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Is It Possible To Shoot High End Video With A $600 Point & Shoot?

If you don’t know the answer to that question – you haven’t been on the internet very long. Of course you can – David Geffin pulls some amazing samples of great work done on relatively inexpensive gear.

If you’d asked me this question last week, I would have said no. What a difference a few days makes. Ruslan Pelykh, a New York City-based videographer and photographer, is creating outstanding video with a Leica D Lux 6, a 10 megapixel, $600 point and shoot. This post is a kick up the butt for anyone hanging on for a piece of gear as being the reason they can’t create with what they have. Welcome to creating more, with less.

Ruslan Pelykh, originally from the Ukraine, has been in New York less than a year but is already making his presence felt. He shoots and edits all of his own work, having started out only a few years ago. He quickly moved from shooting DSLR video like ‘Angel’, a video he shot two years ago on a Canon 7D and with one 24-70mm lens and 2 simple continuous lights with a couple of soft boxes on them.

Why Gear Doesn’t Matter (Much)

Of course gear matters – to a degree. It does not (and will never) define what you are able to create for yourself. While many won’t admit it, this article aims to show it’s not so much about what you have, but what you do with it that counts.

FStoppers | Read the Full Article

Leica

Writing Unforgettable Dialogue: Advice from Oscar-Winning Screenwriter William Monahan

What’s the secret to unforgettable dialogue? You got to get inside the character’s minds.

Dialogue

When it comes to writing good dialogue the bottom line is this: it’s harder than it sounds. So, how do you get good enough to have Jack Nicholson quote things that were once just a thought in your head? Below is a rundown of Oscar-winning William Monahan (The Departed,The Gambler) insightful interview with FastCompany about dialogue from its conception to the final draft – broken down into two categories: Listening and Interpreting.

Listening

“It’s not only politicians and advertisers and lawyers who shade the truth or have an agenda—it’s everybody.”

Simply listening to people will let you in on the two best lessons for writing dialogue: dialogue is used to reveal not what we want to say, but what we are trying to hide and people say the most entertaining things when they aren’t trying. The reality is people don’t talk in soliloquies and/or profound statements, which is great because you’re writing a script not a sermon. So, forget what your parents taught you— eavesdropping is the way to go. Learning colloquial speech is like learning a whole new language—become fluent.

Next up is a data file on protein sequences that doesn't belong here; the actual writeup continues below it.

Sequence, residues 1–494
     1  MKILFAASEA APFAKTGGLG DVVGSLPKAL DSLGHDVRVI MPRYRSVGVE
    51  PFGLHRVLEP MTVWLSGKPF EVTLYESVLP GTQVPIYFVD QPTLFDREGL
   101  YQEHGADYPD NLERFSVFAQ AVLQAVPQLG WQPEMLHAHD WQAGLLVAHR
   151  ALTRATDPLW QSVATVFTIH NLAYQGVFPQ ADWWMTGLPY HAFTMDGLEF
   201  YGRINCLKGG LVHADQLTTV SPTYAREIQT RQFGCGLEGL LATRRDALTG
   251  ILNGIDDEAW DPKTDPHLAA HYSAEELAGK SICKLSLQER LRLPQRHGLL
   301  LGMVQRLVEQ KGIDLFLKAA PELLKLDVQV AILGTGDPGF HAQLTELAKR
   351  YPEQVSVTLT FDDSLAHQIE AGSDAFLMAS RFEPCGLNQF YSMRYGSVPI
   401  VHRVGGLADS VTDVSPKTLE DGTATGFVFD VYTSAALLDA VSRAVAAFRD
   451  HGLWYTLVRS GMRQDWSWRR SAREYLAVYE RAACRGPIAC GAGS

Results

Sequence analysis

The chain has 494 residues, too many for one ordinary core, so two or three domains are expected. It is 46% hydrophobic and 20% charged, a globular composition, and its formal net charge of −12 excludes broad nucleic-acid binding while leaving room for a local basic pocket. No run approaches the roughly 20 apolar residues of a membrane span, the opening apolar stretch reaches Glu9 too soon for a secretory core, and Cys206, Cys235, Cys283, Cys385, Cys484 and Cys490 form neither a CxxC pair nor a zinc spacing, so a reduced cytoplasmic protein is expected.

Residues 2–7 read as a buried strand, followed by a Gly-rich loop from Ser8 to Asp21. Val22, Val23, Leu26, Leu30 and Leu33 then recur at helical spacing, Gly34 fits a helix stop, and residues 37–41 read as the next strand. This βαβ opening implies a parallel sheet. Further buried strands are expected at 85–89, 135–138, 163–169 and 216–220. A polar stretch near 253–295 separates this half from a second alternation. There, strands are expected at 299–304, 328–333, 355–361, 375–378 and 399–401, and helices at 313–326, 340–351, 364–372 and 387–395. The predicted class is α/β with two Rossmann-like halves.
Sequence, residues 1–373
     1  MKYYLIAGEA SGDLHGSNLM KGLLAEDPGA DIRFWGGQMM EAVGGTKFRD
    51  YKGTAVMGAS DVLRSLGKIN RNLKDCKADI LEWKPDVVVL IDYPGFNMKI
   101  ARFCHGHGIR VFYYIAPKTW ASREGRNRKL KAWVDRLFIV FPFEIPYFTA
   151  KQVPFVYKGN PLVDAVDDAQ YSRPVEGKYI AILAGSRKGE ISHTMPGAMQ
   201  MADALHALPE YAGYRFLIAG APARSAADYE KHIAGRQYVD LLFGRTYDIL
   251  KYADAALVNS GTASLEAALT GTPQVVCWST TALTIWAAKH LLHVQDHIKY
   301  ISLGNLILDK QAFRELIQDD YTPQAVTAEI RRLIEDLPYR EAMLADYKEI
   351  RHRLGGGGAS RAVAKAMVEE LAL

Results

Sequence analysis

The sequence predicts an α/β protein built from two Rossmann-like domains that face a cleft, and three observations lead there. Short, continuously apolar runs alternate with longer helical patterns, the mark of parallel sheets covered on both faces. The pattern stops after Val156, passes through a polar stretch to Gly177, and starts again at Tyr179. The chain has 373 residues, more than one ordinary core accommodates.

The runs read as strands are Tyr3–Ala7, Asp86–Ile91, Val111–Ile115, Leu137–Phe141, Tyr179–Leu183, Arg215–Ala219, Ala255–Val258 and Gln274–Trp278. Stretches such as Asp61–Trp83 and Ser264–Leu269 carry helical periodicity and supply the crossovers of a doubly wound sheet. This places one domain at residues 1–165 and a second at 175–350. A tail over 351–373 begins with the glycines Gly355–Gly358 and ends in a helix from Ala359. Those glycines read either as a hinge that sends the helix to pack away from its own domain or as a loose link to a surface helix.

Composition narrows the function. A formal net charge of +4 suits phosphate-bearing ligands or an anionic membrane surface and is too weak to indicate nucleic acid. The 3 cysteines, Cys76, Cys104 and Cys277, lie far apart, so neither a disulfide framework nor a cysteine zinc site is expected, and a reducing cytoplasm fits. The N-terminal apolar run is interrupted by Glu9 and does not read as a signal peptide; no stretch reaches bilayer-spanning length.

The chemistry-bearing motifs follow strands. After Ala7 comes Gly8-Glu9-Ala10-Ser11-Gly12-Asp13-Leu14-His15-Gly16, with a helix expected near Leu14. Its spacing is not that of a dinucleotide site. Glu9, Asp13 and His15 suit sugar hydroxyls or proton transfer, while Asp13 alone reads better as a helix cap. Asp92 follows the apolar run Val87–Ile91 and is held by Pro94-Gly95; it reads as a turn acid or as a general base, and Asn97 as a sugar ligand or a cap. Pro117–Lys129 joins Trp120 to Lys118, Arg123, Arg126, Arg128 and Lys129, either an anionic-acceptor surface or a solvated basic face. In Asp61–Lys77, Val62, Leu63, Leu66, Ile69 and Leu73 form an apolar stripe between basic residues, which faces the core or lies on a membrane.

Of course, then it’s also your job to pepper that language with motivation and revelations. Monahan also points out that natural dialogue is boring, “You’re sort of fumbling around for meaning, whereas in written drama, you have to get at it.” In other words, be natural but get to the point.

ScreenCraft | Read the Full Article

The Hitchcock Gallery: A Compilation of Hitchcock’s Visual Imagery

This short video-essay examines various themes and techniques Alfred Hitchcock developed throughout his career. Using 40 titles, it includes every feature film Hitchcock made from 1934 right through to his retirement in 1976. Of the several themes on display here (falling, ascending and descending staircases, opening curtains, reading newspapers, poisoning drinks, women’s hairstyles, shoes, train compartments, sleeping and dreaming, pulling away from and dollying in on the action, overhead shots and characters looking directly into the camera), there are yet others for fellow essayists to examine further (looking through and climbing in and out of windows, nuns and clergymen, eating food, kissing in the countryside, women wearing glasses and people playing games such as tennis, hide-and-seek, fancy-dress and blindman’s bluff).

Hitchcock

What is a Macro Extension Tube and how does it work?

Todd Wolfe explains what Macro Extension Tubes are and how they work.

Did you know what an extension tube is or how it can save you money over purchasing a Macro lens? Todd likes to call them tube extenders but whatever you call them they have been around a long time.

In most situations your non macro lenses wont allow you to get super close to your subject. So how do you get closer with the lenses you already own and not have to spend a lot of money on a macro lens? The simple answer are extension tubes.

Extension tubes are literally rings that attach to your camera body and lens to “extend” distance from the lens and the body. There is no glass involved whatsoever in the rings. As you can see from the video using an extension tube gives you the ability to get extremely close to your subject.

There are different size tubes which allow you to get closer or slightly further away from your subject.

You may be wondering why would anyone purchase a macro lens if these extension tubes are so inexpensive? The simple answer is true macro lenses are sharp edge to edge. When you use extension tubes your sharpest area will be in the center of the lens with the outer part of the image getting slightly out of focus.

Tubes can range from $100 and up.

Extension-Tube

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